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From Female to Male: The Life of Jack Bee Garland

By Lou Sullivan, 1990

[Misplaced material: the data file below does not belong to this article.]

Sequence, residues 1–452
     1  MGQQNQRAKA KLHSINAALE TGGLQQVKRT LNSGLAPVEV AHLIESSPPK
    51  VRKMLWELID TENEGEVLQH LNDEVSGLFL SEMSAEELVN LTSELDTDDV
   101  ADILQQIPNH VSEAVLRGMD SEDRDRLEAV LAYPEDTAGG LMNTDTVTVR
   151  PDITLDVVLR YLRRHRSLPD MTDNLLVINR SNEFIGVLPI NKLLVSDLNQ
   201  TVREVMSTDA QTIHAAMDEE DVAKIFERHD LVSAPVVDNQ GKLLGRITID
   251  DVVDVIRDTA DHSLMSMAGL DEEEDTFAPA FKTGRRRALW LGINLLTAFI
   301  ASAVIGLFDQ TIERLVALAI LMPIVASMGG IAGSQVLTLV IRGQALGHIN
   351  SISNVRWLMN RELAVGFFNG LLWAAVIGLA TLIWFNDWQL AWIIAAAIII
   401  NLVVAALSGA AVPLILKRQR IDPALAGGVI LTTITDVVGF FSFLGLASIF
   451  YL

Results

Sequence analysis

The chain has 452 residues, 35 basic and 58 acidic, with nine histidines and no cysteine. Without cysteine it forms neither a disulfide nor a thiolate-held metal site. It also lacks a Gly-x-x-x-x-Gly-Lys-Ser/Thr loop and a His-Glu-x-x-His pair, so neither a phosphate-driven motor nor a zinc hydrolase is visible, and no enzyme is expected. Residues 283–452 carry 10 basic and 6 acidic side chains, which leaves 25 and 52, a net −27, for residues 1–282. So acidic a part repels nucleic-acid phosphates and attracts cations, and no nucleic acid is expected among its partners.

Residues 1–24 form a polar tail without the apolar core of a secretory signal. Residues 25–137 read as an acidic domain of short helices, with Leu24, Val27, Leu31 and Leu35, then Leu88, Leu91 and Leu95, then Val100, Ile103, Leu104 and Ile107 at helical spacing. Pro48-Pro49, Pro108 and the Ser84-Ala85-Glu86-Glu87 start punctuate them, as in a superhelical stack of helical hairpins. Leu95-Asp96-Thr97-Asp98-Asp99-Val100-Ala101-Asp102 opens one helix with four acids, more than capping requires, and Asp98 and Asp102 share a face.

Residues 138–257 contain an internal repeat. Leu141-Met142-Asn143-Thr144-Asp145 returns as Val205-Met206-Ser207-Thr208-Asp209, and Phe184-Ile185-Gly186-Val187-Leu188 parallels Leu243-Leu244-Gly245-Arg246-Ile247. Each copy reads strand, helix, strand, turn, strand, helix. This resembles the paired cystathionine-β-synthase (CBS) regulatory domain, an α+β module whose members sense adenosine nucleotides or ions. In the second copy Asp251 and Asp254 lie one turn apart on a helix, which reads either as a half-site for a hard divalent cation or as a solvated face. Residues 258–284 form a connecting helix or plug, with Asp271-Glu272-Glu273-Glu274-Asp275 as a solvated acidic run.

“Jack Bee Garland, who was assigned female at birth, was born in San Francisco and was a rebellious tomboy. He escaped from a convent school at 15 through a brief marriage to his brother’s friend. In 1897, he was arrested in Stockton, CA for impersonating a male. Pretending to be mute, he used the name Babe Bean. […] Dressed as a soldier, he followed the regiments where he served as a Spanish language interpreter, war correspondent, and nurse. After almost a year in the Philippines, he returned to the U.S. and published “My Life as a Soldier” in the San Francisco Examiner in 1900. When San Francisco passed a law banning the wearing of opposite sex clothing in 1903, he took on his chosen name Jack Bee Garland. Thereafter, he devoted himself to working with the American Red Cross and other charitable organizations. He served as a medic in the aftermath of the 1906 earthquake and worked as a social worker serving homeless men for the remaining three decades of his life. On September 19, 1936 Garland collapsed on the sidewalk and died at age 66 of peritonitis in San Francisco. His colorful life and gender fluidity proved inspiring to transgender activist Louis Sullivan, who wrote From Female to Male: The Life of Jack Bee Garland in 1990.” -Legacy Project Chicago

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